The name alligator is an anglicized form of el lagarto, the Spanish term for "the lizard", which early Spanish explorers and settlers in Florida called the alligator.
A crocodile is not an alligator. Alligators are only native to the United States and China.
American alligators are found in the southeast United States: all of Florida and Louisiana, the southern parts of Georgia, Alabama and Mississippi, coastal South and North Carolina, Eastern Texas, the southeast corner of Oklahoma and the southern tip of Arkansas. The majority of American alligators inhabit Florida and Louisiana, with over a million alligators in each state. Southern Florida is the only place where both alligators and crocodiles live side by side.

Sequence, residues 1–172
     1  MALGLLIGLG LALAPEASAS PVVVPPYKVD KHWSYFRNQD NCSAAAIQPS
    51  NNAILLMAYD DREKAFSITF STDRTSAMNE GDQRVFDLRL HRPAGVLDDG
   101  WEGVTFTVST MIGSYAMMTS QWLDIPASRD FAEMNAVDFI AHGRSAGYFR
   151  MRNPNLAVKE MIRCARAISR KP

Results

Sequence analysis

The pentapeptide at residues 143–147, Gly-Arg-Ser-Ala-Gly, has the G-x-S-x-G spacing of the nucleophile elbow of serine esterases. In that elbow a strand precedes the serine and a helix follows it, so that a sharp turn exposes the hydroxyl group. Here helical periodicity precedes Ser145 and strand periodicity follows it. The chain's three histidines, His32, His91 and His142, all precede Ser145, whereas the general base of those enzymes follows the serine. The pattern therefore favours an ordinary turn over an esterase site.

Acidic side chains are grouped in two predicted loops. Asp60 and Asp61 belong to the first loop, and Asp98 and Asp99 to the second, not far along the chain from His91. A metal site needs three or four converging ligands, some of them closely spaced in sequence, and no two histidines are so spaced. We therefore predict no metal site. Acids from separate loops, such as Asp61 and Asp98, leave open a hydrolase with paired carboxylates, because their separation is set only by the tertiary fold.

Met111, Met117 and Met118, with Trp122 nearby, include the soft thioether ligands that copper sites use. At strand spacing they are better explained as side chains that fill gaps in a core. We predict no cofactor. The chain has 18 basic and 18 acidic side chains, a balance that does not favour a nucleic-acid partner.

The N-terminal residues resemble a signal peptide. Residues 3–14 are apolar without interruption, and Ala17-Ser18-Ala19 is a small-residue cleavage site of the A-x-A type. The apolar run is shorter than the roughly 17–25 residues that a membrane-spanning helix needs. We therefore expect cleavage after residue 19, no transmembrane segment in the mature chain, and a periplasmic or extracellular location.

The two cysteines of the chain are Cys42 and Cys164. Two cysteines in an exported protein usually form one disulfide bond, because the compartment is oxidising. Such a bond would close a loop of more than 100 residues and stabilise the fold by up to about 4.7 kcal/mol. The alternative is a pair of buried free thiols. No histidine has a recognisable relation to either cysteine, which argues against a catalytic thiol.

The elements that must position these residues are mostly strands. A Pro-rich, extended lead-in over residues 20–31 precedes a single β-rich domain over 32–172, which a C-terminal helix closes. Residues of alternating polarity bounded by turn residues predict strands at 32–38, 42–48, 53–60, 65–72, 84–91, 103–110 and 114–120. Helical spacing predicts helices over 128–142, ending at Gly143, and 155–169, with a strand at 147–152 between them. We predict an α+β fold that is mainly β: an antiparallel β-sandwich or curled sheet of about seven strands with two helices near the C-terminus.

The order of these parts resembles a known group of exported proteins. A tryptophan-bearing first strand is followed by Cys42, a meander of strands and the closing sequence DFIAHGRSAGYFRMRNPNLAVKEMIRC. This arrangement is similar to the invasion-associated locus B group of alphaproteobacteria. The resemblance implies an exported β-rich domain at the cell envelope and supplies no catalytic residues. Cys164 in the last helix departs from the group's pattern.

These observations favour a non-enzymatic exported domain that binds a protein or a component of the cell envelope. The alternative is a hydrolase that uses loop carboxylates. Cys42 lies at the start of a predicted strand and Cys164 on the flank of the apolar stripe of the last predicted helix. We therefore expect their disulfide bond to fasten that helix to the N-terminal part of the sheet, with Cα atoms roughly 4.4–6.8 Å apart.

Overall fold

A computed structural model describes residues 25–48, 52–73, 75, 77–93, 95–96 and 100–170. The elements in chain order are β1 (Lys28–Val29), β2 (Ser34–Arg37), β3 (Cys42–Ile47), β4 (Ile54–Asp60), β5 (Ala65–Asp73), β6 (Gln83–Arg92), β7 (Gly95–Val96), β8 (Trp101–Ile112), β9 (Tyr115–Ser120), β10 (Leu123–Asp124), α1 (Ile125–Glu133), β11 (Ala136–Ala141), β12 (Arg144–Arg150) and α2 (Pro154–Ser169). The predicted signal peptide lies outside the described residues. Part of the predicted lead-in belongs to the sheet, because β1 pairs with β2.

American alligators live in freshwater environments, such as ponds, marshes, wetlands, rivers, lakes, and swamps, as well as in brackish environments. When they construct gator holes in the wetlands, they increase plant diversity and also provide habitat for other animals during drought periods. They are therefore considered an important species for maintaining ecological diversity in wetlands. Further west, in Louisiana, heavy grazing by nutria and muskrat are causing severe damage to coastal wetlands. Large alligators feed extensively on nutria, and provide a vital ecological service by reducing nutria numbers.
The Chinese alligator currently is found only in the Yangtze River valley and is extremely endangered, with only a few dozen believed to be left in the wild. Indeed, far more Chinese alligators live in zoos around the world than can be found in the wild.